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Enjoying your report and photos. (While packing).
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Nov 23rd, 2008, 03:17 PM
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Nikki - I am so envious! Good for you to enjoy November in Paris for 2 weeks. How nice to stay in & explore an arrondisement you are not familiar with. The apartment looks great. I would be enjoying a cafe au lait every morning on that balcony. I'm anxious to learn about your experiences in the 17th. Now that you attended a class at the College de France, would you recommend one to other travelers?

I'm so enjoying your report. More please!
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Nov 23rd, 2008, 04:27 PM
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You feel about November the way I feel about February. You have planted a seed of an idea!

Wonderful report, please continue
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Nov 23rd, 2008, 04:47 PM
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Dinner Friday is at Aubergine, 46 rue des Dames, near my apartment. When I arrive there is just one other party in the dining room, a young English couple. They ask for some translation help and we get talking. They are in Paris for the first time, celebrating the girl’s eighteenth birthday. She tells me they went to a bar on arrival and while they were sitting there, a very large man came in and called the bartender over to him and they started fighting. Then a small Chinese lady came in and started hitting the large man with something. Other guys came over from the bar and joined in the fight. Welcome to Paris.

The young English guy wants to talk about the election. So does the bartender. The restaurant starts to fill up and the bar becomes very lively. Everyone is kissing the bartender as they come and go. I enjoy my dinner very much. I start with poêle de champignons de saison, mushrooms cooked with parsley and pepper. For my main course I get confit de canard and pommes sarladaises. The check comes to 33 euros including a coca light and a bottle of fizzy water.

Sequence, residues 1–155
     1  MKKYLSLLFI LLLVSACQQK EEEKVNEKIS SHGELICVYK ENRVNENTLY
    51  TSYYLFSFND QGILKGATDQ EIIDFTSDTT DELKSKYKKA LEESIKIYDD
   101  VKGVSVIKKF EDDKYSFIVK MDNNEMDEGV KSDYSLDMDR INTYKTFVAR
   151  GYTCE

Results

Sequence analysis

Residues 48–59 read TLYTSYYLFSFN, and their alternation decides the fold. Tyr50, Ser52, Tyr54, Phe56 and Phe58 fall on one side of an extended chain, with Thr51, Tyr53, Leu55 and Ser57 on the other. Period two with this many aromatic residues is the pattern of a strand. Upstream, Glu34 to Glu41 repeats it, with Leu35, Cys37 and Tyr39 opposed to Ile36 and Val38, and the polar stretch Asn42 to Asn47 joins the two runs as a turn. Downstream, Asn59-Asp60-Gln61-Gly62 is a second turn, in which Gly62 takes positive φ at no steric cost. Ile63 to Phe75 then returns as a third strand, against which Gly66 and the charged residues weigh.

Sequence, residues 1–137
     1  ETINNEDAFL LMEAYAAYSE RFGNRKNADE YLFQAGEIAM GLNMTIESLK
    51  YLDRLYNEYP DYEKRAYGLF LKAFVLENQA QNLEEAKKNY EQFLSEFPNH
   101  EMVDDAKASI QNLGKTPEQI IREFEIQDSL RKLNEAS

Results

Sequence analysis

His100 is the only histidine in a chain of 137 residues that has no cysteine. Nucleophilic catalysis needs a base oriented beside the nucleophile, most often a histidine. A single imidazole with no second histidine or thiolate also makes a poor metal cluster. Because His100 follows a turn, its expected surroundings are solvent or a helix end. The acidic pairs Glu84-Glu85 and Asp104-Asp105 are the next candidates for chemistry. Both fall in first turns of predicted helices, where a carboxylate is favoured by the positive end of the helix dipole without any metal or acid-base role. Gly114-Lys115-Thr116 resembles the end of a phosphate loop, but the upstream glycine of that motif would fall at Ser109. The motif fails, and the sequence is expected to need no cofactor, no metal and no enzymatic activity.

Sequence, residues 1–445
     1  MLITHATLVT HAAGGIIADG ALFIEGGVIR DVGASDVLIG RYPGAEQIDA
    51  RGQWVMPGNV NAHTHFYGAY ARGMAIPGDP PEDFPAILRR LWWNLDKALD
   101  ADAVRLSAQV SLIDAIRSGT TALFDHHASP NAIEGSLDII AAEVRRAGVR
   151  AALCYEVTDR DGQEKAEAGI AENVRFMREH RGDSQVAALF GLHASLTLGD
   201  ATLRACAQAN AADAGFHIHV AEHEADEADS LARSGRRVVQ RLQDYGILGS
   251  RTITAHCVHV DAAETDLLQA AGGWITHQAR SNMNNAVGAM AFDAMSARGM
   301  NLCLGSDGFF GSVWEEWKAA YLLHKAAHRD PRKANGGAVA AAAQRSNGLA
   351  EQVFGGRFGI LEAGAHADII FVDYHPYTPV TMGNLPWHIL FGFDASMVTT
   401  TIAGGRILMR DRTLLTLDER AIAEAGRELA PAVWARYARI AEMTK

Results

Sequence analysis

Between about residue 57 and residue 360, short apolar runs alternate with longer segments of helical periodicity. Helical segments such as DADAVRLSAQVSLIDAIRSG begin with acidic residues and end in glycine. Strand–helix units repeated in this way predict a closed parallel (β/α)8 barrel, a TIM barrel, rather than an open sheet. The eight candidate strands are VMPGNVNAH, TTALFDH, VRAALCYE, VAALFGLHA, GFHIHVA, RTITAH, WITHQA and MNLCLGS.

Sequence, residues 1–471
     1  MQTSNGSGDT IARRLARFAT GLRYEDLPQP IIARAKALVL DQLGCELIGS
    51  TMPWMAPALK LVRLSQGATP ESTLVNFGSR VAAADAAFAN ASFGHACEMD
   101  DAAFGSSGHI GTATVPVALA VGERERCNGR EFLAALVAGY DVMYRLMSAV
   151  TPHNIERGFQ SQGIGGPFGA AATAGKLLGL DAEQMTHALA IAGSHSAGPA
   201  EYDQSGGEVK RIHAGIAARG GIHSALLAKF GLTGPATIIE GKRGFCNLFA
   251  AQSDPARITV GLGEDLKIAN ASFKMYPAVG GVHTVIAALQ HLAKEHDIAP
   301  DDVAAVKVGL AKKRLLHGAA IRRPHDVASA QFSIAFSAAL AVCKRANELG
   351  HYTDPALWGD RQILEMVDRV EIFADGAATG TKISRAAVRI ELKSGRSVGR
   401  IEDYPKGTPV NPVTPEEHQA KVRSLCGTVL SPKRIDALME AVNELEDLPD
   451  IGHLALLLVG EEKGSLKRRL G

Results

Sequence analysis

The bartender brings me the check with a shot glass. He tells me something about vodka. It is pinkish-orange. Wasted on me, sadly, as I don’t drink, never have wanted one. I take a sniff. It doesn’t smell like alcohol; it smells like apricots. I love apricots. I’m in Paris. I take a sip. Not bad. More sips. I finish it. Are pigs flying?

Saturday morning I walk to the marché biologique, the weekly organic market on the boulevard des Batignolles. I buy cheese galettes and a rotisserie chicken and paté made from duck and from rabbit. It will be nice to have food in the apartment. My daughter Eileen and her boyfriend are arriving later today.

After making a wonderful lunch from the things I bought, I take the bus to the Opera Garnier to see the ballet. The bus comes right away. A little girl and her father sit across from me. They get up at their stop and leave the girl’s red backpack on the seat. Monsieur, I call out, votre sac! I catch him just in time. Disaster averted. It is easy to imagine the contents of that bag. My older daughter still travels with the most precious of those contents from her own bag. She is 25.

I arrive way too early at the Opera. Many tourists are sitting on the steps and I join them there. When the women of a certain age start arriving arm in arm, wearing sensible shoes, I go up to the entrance and find my seat. A family with two little girls is seated in my row. The usher brings two large red velvet cushions for them to sit on.

The ballet is Les Enfants du Paradis, the Children of Paradise, based on the classic French film produced during the German occupation. In preparation before I left home, I rented the video and watched it with the subtitles, then listened to the commentary, then watched it without the subtitles and listened to parts of the commentary again. I’m really glad I did that; it enhanced my understanding and enjoyment of the ballet greatly.

The music is an original score in a contemporary style. The ballet is also contemporary and, as would be fitting for a story about a mime, there is a lot of mime. In the movie, a major theme is the development of the French theater, and there are scenes of rules being broken as theater evolves. People speak during pantomime and cross the boundaries of the stage and the audience during melodrama. Here, in the ballet, there is speaking by the dancers, and dancers cross over into the audience. During the intermission, a dancer dressed as a mime comes and stands in the aisle next to me before I notice him. He is pretending to write something, miming my actions as I write in my journal. The people around me are laughing.